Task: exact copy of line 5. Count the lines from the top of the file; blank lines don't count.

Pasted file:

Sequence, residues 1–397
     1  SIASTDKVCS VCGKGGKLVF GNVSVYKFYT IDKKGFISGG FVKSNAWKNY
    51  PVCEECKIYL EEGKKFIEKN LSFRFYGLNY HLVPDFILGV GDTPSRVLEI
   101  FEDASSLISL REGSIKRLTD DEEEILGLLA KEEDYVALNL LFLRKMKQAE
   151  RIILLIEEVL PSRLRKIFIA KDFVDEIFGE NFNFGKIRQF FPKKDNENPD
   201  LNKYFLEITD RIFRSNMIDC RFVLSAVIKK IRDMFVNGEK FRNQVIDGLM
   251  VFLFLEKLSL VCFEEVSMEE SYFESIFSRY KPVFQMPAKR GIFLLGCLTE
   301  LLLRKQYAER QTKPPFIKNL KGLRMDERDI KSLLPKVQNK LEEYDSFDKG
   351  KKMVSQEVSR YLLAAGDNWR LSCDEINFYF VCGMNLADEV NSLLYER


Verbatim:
   151  RIILLIEEVL PSRLRKIFIA KDFVDEIFGE NFNFGKIRQF FPKKDNENPD